Review – why is it important in dog training, and how to do it BuJo-style!

Review – why is it important in dog training, and how to do it BuJo-style!

I currently work on my and Midoris DogParkour-skills, and we are getting a lot of progress. Part of this is because she is well trained in the “basics” to begin with, she knows the “rules” of training, she has a good awareness of her body and paws, and she loves to train. But part of it is actually me: my ability to use that big frontal lobe of mine and figure out how to break the exercise down into small pieces to make her understand what I want her to do. I’m good at making training plans, and I’m good at knowing when to stick with the plan and when to alter it.

Part of this is because she is well trained in the “basics” to begin with, she knows the “rules” of training (listen for the marker, repeat, develop), she has a good awareness of her body and paws, and she loves to train.

But part of it is actually me: my ability to use that big frontal lobe of mine and figure out how to break the exercise down into small pieces to make her understand what I want her to do. Of course, that has some to do with experience – I know her pretty well after four years of daily training – but this week I have trained two dogs that I don’t know as well and it’s also been very successful. And yes, I’m an OK dog trainer who knows how behaviour works, but that’s not all. It’s much simpler: I’m good at making training plans, and I’m good at knowing when to stick with the plan and when to alter it. How? Because I’m good at the review!

Let me walk you through the process:

  1. I want to train something new: I set my goal.
  2. What does it look like? What is the dog supposed to do with her body? I am very concrete and precise. That makes the next step so much easier.
  3. I make a plan. I start with where we are now, end with the goal behaviour, and I break the road from here to there down into as many small steps as I can.
  4. I write this down, with checkboxes, to always know where we are at. And I leave space for even more steps (sometimes that space is just in my head, but it’s there). This is my training plan, part of my “roadmap”. I can put in trackers to measure how many times we train every week, how many sessions a specific step needs, or my success rate during a session (out of ten tries I want her to do about 8 correct and 2 incorrect if it’s not the end behaviour). Or I can write notes after each session, telling me how it went and what to think about. Or both.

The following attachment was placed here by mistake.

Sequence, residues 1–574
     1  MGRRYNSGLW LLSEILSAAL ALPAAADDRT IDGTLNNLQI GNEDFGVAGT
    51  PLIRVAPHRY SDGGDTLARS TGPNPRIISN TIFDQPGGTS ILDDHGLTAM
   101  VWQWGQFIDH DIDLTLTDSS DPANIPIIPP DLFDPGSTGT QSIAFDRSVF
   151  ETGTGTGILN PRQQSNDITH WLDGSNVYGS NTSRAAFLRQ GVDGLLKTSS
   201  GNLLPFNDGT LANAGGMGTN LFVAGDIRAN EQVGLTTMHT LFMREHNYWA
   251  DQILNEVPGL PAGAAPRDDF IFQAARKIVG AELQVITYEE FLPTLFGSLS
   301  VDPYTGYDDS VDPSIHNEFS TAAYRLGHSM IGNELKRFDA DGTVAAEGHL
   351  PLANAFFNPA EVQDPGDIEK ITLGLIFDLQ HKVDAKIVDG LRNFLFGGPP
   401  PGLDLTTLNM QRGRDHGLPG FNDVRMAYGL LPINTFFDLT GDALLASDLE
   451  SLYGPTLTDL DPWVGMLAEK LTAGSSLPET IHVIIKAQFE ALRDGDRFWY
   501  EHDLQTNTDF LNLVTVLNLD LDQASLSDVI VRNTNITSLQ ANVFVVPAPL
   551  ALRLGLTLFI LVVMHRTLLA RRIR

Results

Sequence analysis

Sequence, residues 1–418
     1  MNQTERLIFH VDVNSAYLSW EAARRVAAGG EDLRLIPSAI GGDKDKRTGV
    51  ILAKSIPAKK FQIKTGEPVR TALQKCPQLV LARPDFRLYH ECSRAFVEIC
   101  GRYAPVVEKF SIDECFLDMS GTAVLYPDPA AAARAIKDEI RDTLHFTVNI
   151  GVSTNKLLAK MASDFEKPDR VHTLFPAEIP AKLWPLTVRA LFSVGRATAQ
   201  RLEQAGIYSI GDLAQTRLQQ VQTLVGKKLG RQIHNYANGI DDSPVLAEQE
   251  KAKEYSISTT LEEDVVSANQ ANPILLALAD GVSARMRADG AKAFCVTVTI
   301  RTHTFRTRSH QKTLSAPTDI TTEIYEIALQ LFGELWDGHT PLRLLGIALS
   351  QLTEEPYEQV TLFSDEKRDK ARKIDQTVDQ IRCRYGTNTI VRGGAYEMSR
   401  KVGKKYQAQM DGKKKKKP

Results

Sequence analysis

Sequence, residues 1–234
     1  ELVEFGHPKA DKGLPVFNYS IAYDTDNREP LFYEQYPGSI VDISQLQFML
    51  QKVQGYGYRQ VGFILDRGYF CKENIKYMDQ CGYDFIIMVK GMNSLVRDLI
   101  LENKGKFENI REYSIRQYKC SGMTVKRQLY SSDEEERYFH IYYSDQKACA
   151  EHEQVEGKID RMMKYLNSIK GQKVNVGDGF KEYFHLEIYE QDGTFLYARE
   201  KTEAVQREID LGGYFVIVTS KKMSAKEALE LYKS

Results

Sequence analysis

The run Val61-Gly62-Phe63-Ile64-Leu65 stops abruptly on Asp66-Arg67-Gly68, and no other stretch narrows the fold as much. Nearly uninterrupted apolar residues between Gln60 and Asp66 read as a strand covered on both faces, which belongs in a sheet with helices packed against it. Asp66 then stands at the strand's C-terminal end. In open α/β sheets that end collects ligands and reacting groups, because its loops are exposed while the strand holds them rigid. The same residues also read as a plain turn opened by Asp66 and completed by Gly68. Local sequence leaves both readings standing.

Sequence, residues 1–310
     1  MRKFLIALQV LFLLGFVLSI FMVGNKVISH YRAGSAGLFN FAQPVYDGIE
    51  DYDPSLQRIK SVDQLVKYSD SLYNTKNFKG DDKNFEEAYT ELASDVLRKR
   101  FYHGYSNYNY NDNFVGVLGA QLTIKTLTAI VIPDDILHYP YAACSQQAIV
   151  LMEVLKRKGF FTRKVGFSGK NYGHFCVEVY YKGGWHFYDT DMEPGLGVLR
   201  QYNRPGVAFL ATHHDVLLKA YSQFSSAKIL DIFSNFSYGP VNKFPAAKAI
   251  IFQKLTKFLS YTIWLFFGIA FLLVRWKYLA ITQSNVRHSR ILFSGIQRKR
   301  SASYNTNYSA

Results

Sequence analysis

5. I review. Most of the time briefly before every session, but every week at least! Do I follow my plan? What boxes can be checked? Do I need more steps somewhere? Do I need a new plan entirely?

Think. Plan. Create. Repeat. The key to success!

Today I reviewed my Dog Parkour spread (not really a training plan, but a still a roadmap), and it now looks like this:

It’s very satisfying to see how we are getting better, and I’m getting closer to my goal! Plus: I always know the next step.

So…that is my advice for today. Make a plan. Write it down. Work on it. Make sure you work on it by reviewing it as often as you need to. And if you get stuck – change it.

These are the two other dogs I have been working with, by the way:

And if you want to see some Creative Kelpie moves, look here at some of our films for Level B:

 

 

Leave a Reply

Your email address will not be published. Required fields are marked *

This site uses Akismet to reduce spam. Learn how your comment data is processed.